Covid breakthrough: Arthritis drug found to cut risk of dying from Covid by up to a fifth

Sotrovimab: Dr Nighat discusses new Covid drug on This Morning

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While some treatments have been designed specifically to target coronavirus, others have been around for a long time used for helping with other health problems. This drug belongs to the latter category as it’s been used to treat rheumatoid arthritis.

RECOVERY trial led by The University of Oxford has found the arthritis drug is able to cut the risk of dying when given to patients with severe Covid by as much as a fifth.

This drug is administered on top of the protection from dexamethasone and tocilizumab, medicines also shown to be effective against Covid death.

The new treatment in question is an anti-inflammatory drug called baricitinib.

Baricitinib was administered as a 4mg tablet once a day for ten days or until a person was discharged from the hospital sooner.

The study that brought this result looked at 8,000 hospitalised Covid patients.

Starting in March 2020, it considered a variety of potential treatments.

However, these breakthrough results were found in 2021 where 4008 patients with standard NHS treatment were compared to 4148 patients with standard care boosted by baricitinib.

Baricitinib was able to “significantly” reduce mortality, with 12 percent of the sample dying.

This is less compared to the results of the usual treatment, the study reports.

What’s more, the effects of the anti-inflammatory drug were consistent regardless of other Covid treatments the patients were also getting.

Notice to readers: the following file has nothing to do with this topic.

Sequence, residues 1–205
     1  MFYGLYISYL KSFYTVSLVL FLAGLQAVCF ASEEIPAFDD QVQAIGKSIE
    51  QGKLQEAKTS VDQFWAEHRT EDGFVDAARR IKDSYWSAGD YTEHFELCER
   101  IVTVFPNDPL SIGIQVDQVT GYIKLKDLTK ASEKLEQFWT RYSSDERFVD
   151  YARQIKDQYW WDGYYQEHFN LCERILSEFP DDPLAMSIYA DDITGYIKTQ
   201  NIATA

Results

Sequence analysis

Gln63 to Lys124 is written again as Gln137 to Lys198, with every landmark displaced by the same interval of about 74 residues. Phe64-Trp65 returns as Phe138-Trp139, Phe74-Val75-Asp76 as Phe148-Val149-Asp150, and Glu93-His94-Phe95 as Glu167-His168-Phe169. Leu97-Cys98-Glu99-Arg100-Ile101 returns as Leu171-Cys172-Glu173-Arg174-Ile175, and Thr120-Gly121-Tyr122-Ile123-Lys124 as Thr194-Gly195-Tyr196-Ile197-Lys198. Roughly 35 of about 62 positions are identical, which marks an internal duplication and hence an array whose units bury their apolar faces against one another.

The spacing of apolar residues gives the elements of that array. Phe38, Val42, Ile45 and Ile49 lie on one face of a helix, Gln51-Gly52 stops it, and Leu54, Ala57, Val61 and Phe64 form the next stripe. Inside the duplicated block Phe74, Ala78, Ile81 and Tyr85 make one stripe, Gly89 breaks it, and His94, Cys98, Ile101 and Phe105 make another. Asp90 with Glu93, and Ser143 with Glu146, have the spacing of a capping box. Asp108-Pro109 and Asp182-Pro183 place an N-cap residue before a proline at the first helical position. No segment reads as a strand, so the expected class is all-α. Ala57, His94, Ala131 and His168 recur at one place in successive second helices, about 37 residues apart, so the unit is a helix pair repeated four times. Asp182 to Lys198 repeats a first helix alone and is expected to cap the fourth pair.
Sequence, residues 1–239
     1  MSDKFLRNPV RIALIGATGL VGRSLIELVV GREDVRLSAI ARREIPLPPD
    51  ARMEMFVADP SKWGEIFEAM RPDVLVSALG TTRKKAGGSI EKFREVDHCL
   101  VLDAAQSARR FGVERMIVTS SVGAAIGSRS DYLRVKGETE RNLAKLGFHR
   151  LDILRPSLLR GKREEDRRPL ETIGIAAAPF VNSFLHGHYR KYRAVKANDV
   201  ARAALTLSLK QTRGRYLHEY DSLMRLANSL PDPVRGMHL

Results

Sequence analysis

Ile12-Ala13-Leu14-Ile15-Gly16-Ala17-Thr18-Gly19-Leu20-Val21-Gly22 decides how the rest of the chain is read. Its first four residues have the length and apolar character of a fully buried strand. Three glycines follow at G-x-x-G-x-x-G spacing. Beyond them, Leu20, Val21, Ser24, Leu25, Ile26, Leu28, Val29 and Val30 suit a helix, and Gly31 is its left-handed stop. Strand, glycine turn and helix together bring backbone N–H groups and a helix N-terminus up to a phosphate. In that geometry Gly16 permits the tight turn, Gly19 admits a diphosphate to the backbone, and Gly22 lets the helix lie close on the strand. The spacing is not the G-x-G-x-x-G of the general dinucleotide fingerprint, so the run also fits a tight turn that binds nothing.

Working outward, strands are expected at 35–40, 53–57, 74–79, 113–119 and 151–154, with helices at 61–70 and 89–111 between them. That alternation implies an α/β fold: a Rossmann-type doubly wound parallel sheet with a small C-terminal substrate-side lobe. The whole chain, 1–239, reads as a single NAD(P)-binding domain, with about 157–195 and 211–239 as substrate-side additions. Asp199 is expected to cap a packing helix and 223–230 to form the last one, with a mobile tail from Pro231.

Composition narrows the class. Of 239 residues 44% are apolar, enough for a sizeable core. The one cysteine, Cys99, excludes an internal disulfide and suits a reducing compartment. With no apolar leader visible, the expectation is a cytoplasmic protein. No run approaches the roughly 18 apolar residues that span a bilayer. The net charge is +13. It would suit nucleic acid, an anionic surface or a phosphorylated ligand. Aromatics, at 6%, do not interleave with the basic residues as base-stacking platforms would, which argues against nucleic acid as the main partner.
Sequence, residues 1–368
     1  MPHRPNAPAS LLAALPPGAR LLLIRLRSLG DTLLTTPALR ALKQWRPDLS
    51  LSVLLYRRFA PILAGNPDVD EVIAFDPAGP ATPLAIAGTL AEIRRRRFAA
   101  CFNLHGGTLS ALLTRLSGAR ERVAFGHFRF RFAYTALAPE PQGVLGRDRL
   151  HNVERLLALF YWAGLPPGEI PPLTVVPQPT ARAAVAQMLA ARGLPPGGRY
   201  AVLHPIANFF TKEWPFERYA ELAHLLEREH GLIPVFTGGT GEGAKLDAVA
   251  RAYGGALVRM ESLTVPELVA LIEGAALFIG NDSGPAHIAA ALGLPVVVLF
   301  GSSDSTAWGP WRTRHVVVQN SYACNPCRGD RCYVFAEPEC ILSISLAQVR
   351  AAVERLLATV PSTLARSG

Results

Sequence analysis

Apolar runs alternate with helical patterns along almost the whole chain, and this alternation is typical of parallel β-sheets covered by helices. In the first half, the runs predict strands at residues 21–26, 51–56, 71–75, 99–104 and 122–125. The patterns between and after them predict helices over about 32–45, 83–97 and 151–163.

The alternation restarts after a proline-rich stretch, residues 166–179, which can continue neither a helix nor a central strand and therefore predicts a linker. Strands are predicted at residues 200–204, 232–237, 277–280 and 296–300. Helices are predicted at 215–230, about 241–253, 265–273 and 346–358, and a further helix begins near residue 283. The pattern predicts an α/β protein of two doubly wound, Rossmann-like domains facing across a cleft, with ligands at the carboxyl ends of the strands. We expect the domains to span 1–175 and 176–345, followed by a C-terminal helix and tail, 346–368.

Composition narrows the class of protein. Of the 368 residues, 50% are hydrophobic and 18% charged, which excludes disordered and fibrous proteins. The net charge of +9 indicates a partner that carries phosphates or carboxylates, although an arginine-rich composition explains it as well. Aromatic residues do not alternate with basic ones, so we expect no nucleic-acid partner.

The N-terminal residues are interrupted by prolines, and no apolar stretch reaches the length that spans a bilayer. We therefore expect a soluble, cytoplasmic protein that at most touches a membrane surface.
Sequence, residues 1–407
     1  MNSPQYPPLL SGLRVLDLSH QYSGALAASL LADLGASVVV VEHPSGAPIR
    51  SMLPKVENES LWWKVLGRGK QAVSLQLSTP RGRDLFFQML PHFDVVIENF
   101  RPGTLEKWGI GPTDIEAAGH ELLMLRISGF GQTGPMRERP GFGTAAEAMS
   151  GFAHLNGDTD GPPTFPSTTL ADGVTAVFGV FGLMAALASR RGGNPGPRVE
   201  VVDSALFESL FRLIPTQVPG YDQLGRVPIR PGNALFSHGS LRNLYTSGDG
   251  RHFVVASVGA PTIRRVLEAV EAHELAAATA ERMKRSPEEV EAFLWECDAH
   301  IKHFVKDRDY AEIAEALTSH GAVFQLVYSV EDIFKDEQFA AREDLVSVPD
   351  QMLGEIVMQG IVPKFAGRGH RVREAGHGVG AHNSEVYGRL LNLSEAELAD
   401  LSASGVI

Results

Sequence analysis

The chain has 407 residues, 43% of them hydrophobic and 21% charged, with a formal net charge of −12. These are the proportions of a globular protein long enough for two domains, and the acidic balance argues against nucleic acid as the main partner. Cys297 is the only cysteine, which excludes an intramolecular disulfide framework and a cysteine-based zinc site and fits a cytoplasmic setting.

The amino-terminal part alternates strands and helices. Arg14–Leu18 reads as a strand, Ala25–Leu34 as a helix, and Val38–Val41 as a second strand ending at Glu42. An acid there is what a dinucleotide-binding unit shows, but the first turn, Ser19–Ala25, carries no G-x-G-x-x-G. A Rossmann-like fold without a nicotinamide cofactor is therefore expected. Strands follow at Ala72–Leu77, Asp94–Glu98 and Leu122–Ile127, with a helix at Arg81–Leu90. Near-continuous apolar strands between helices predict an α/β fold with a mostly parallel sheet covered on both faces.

Patients following the drug regime were also “more likely” to be discharged alive within 28 days.

When it comes to the need for ventilation, baricitinib was able to cut the likelihood of progressing to this type of treatment.

Regarding the risk of other infections, the drug wasn’t found to increase the chances, even in the case of blood clotting.

The study concluded that baricitinib was able to reduce deaths in patients hospitalised with Covid by about one-fifth overall.

What are the symptoms of COVID-19?

The NHS describes the main symptoms as cough, fever, loss or change to taste and smell.

However, the Omicron variant has been shown to cause a range of symptoms, as reported by doctors and patients.

In fact, the ZOE COVID Study App shared that only half of their users with Omicron experienced the traditional three symptoms.

The symptoms of Omicron include:

  • Scratchy throat
  • Mild muscle aches
  • Extreme tiredness
  • Dry cough
  • Night sweats
  • Runny nose
  • Headache
  • Myalgia (muscle pain)
  • Loss of appetite
  • Diarrhoea.

Based on the new guidance, you no longer have to self-isolate if you experience these signs.

But the NHS still recommends staying at home and avoiding contact with others.

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